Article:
Here’s what Tire Rack says about what you did:
Driving on a tire while flat or with very low inflation pressure will permanently weaken the tire’s internal structure, rendering it more susceptible to catastrophic failure.
You should consider replacing the tire. In the future, as you apparently don’t have TPMS, you should check your tire pressure more often to keep this from happening again.
Thanks for the replies. Leak appears to be very slow - tire shop is about 10 miles away. Is it safe to ride on the tire that far, or should I put the donut on?
I would borrow a pump, manual or electric, and pump it up. Someone must have one hanging around. Pump it up over 35 psi to get you there. If you decide to use the spare, check the pressure before you put it on to make sure it is in workng order.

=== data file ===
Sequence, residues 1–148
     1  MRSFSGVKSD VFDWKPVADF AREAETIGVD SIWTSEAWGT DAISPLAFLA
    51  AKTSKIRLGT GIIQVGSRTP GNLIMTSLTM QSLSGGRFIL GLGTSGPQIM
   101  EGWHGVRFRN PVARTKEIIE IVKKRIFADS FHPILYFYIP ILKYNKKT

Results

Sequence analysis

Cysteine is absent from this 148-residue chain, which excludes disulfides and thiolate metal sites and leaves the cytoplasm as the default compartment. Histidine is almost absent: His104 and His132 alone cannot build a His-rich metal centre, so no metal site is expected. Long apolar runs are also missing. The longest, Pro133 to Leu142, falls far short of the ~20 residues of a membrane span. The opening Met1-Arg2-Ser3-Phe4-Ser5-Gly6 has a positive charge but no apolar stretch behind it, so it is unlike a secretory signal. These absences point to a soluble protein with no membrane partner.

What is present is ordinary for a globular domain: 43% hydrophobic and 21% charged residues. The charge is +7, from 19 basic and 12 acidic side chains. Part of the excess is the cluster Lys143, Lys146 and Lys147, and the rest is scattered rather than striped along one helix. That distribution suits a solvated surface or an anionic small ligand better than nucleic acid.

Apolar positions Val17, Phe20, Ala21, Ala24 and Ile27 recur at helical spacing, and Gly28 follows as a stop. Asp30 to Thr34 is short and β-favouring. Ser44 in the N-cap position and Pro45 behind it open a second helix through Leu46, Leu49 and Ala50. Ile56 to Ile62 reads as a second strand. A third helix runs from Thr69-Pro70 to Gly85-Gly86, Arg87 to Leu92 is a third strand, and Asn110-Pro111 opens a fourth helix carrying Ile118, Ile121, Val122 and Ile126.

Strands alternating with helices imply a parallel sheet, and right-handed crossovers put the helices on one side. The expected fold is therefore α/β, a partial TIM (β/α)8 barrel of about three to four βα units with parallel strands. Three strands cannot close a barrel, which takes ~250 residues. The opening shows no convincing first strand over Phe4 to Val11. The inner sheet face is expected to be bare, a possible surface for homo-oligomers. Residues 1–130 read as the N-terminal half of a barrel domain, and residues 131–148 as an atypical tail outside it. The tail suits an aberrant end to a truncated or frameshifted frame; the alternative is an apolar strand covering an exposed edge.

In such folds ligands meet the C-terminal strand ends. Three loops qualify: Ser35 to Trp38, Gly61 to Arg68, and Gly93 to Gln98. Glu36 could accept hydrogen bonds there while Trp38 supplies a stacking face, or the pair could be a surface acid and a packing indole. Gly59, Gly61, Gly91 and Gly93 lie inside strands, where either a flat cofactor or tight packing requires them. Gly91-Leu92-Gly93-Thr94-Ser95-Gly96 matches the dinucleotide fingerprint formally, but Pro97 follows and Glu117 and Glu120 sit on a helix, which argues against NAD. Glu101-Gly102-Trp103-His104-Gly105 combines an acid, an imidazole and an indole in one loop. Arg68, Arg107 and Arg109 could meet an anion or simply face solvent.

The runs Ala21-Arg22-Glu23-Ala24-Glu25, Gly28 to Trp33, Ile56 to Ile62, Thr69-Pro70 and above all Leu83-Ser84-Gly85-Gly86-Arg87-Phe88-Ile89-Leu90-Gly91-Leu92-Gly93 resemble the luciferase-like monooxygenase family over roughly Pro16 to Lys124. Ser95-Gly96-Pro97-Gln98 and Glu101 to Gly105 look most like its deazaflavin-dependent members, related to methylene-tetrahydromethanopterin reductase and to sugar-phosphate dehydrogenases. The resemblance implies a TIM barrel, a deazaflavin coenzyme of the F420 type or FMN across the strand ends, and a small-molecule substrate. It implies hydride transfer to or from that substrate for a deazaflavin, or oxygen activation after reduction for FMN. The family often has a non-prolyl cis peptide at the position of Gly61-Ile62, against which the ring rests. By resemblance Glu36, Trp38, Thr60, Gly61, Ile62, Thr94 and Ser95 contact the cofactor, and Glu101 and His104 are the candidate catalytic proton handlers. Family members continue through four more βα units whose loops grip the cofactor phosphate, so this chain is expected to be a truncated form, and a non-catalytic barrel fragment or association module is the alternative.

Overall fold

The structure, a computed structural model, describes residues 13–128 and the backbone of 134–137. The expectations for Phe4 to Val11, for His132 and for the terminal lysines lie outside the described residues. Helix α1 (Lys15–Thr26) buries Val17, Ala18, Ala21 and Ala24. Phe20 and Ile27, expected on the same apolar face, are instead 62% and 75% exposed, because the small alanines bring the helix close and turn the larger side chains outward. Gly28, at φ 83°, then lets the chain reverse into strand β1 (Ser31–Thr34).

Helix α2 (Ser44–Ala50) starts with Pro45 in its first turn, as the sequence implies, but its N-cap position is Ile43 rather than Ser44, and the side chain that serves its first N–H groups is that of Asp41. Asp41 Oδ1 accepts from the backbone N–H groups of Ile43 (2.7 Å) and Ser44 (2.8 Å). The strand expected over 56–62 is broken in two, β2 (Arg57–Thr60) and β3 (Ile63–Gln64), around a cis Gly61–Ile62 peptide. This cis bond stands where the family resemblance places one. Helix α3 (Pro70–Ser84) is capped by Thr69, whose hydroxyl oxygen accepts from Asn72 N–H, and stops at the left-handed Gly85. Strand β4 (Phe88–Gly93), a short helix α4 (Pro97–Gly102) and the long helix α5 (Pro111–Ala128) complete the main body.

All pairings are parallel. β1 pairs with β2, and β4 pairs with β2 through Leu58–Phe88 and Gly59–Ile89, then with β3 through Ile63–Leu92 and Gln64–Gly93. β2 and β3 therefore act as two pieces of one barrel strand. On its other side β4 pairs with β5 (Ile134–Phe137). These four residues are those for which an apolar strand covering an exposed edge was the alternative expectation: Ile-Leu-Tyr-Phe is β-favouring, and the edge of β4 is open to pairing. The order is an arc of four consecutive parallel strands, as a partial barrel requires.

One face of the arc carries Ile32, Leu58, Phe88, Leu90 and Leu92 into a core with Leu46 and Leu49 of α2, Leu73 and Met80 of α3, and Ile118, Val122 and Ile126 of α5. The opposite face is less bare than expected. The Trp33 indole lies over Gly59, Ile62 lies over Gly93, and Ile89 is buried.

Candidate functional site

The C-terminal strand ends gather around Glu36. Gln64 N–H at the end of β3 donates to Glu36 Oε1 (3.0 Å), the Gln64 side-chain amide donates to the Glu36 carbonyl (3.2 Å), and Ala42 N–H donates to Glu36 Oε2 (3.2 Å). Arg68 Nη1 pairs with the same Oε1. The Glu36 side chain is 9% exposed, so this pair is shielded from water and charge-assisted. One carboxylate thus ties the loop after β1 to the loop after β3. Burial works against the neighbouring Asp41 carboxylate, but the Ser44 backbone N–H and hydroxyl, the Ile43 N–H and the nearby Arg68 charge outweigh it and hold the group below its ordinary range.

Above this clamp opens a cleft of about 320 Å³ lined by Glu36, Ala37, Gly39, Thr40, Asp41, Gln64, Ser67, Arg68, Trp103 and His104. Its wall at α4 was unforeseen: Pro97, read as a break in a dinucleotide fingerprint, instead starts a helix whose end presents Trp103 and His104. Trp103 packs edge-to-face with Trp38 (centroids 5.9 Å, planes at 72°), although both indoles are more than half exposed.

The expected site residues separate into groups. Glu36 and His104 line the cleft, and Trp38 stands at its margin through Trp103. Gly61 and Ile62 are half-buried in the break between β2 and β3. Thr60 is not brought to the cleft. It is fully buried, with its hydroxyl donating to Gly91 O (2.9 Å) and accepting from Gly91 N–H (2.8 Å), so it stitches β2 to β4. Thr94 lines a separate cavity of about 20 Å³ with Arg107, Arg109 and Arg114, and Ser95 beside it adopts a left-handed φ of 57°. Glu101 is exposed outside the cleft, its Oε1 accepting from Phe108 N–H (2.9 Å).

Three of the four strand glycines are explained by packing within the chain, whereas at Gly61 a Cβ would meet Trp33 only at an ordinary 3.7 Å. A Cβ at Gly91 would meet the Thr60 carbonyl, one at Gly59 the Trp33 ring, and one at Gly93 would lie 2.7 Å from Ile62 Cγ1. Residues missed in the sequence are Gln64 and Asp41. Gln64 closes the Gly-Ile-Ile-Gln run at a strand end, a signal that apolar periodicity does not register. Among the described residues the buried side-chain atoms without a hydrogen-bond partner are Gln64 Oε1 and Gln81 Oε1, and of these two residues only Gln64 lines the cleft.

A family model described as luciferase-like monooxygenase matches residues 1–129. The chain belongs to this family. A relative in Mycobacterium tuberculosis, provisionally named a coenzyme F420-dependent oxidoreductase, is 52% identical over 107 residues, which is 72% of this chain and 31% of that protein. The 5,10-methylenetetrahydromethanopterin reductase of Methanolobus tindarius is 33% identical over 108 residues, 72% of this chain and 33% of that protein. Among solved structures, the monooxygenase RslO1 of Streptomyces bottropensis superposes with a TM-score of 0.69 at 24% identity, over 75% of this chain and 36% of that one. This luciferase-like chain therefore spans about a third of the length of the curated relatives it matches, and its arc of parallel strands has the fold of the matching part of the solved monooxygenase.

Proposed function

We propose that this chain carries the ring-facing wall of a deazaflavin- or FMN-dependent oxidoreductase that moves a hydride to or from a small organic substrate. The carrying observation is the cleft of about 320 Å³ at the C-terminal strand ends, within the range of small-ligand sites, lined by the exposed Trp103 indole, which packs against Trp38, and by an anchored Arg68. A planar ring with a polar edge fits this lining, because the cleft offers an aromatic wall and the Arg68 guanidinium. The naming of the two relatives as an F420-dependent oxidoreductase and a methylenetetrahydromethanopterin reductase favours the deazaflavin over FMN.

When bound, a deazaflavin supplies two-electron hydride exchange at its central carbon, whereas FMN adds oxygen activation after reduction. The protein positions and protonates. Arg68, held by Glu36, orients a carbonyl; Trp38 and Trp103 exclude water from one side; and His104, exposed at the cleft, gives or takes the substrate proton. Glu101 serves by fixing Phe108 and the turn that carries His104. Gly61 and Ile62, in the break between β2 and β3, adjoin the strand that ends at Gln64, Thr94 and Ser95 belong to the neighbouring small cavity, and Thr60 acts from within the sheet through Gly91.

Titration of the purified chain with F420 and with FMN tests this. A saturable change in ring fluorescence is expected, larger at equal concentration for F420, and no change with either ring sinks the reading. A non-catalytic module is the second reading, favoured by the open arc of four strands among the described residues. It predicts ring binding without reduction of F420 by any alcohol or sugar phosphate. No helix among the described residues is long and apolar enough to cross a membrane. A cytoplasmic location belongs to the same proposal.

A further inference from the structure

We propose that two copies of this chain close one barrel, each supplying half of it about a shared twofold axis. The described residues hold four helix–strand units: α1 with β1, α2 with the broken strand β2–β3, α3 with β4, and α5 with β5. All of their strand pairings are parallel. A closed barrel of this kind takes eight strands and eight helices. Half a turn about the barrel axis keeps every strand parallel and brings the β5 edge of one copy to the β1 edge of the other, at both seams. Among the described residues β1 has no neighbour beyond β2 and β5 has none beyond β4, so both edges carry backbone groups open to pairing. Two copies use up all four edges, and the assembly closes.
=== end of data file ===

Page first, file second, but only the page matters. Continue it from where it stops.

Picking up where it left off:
There is an air pump at the gas station just down the street, and I have a battery powered air pump in my emergency kit, I just want to make sure it will get me there.
You have a leak.
By the way, chill factor has no effect on tire pressure. Chill factor is only a way of describing how quickly an object’s temperature dissipates down to ambient. The temperature never goes below ambient.
Allow me to post an example. If an object is 50F and ambient temperature is 20F, it might take three hours for the object to chill to 20F. However, if there’s wind, it might chill to 20F in two hours, the same amount of time it would take to chill to 20F at 0F without wind. So the ambient temperature is 20F, but the chill factor is 0F.